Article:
JH: The story is very ambitious. It has a lot of scope. Do you think there would be room for sequels?
RE: I think perhaps there's a great potential, because the Inkubus fans lend themselves a low budget thing, we have this strong character and this great nemesis in William Forsythe. There's a lot of potential, even direct to DVD or direct to cable; the character is interesting enough. There's room with the niche audience for horror films for this kind of story.
JH: It seems like a while since we've seen you play a properly villainous character. Is this something you've actively tried to avoid?
RE: Coming out of the make-up at my age, after 20 years of Freddy, Phantom of the Opera and my Stephen King films, I was older and my face was starting to change. I went in a boy and came out a man! By the time I was done with Freddy, I looked like Trevor Howard — a little bit of Klaus Klinski. It's natural for me, once or twice a year, to do a Vincent Price or Klaus Klinski role. Because I'm paid better for genre films. It's the natural way for me to go. Occasionally I'll have some fun doing a horror comedy, like Strippers vs Werewolves, 2001 Maniacs, things like that. I've been doing traditional acting too; I worked with Brian Cox on a film called Red.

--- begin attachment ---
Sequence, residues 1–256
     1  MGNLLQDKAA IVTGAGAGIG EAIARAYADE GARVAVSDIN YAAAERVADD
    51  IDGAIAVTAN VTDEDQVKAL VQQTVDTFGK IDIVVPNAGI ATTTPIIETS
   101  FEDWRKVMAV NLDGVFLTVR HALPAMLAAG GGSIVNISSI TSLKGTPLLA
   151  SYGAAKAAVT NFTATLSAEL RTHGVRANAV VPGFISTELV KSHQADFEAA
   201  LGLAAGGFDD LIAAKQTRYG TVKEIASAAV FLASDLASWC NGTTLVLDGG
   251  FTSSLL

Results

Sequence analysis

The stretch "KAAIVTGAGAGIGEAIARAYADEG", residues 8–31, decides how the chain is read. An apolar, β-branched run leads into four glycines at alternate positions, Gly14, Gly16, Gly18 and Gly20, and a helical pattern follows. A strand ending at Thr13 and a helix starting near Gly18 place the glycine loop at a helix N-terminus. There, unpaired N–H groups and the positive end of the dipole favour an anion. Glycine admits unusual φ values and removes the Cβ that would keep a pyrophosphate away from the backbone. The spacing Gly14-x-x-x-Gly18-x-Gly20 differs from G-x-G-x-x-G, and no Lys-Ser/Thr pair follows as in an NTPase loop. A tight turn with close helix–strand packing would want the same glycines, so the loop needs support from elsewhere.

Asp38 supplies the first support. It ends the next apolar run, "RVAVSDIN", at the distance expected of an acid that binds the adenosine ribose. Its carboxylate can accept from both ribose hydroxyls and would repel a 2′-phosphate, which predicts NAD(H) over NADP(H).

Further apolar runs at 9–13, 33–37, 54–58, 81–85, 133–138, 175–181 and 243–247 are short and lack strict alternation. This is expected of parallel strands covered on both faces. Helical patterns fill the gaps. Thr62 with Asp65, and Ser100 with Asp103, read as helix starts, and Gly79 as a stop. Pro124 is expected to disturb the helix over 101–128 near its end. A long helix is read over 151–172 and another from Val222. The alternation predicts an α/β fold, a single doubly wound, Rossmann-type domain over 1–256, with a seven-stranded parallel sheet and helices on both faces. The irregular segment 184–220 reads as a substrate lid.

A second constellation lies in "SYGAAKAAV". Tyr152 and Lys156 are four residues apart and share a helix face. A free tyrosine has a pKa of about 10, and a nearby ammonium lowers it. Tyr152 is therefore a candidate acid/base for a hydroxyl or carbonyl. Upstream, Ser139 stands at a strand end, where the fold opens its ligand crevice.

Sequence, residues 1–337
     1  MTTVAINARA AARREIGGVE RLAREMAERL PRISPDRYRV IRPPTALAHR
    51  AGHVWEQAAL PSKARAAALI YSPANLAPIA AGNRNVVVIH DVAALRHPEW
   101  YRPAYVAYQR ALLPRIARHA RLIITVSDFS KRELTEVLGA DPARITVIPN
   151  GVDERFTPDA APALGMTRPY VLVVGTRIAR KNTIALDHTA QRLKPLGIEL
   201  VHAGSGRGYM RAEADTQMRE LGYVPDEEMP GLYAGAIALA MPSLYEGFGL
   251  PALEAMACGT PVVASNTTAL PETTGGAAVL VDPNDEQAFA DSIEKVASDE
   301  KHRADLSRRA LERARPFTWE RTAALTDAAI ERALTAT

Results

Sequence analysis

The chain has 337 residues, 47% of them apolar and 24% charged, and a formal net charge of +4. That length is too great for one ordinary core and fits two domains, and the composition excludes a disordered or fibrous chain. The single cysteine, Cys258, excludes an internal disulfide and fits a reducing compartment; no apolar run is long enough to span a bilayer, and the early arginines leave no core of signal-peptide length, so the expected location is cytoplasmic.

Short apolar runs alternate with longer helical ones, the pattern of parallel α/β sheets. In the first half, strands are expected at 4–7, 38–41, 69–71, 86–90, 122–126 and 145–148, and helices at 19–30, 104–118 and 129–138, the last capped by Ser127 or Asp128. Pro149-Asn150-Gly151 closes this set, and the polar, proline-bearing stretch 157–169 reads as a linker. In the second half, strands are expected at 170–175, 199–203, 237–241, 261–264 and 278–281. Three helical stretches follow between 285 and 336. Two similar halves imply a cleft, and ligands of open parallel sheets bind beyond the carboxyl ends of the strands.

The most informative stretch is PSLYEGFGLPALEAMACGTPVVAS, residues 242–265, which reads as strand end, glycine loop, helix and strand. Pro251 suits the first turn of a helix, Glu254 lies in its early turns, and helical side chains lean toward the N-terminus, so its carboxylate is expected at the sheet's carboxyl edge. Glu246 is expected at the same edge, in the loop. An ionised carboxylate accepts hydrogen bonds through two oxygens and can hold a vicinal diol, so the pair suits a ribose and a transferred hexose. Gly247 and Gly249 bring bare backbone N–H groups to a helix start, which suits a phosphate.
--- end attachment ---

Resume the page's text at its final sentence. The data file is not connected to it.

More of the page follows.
JH: I really enjoyed seeing you pop up in Red. It's a great film.
RE: I would do anything to work with Brian Cox because I'm such a fan of his. That's a great little slow-burn movie. There's this real Don Siegel/Sam Peckinpah thing to it. And I'm hoping to work down the line with Lucky McKee again. There's a lot of controversy about it here in the states, but I thought it was a great film — his new movie, The Woman. It's really terrific.
JH: Despite being very well known as Freddy Krueger, I think you've largely managed to avoid being typecast. Did you have to work hard to avoid typecasting?
RE: You go through different phases. I was typecast as the Southerner. Probably the way I looked or something. Then I started playing more best friends and sidekicks. Then I did V and I was the new Doctor Spock for a while. The gentle, benign creature for peace, love and cosmic understanding. Everyone's favourite good alien. Then I did Nightmare on Elm Street and I became this international horror actor overnight. That lasted for a while and I had to rightfully exploit that. Now I'm on the other end of that, I still respond to the genre because it's been so good to me. Now I'm back to being Robert Englund, character actor again. I can do the occasional genre film, because I do have some cache within the horror world. And I get a better salary than when I'm working as Robert Englund, character actor guest starring on Hawaii 5.0 or Chuck. It's fun to go back and forth now.
JH: What are you up to next?
RE: I'm hopefully going to do the franchise Fear Clinic. That's what to tell the fans to look for. You can see me on Hawaii 5.0 and Chuck, and catch me on Supernatural. And Strippers vs Werewolves!
JH: Thank you! It's been a pleasure.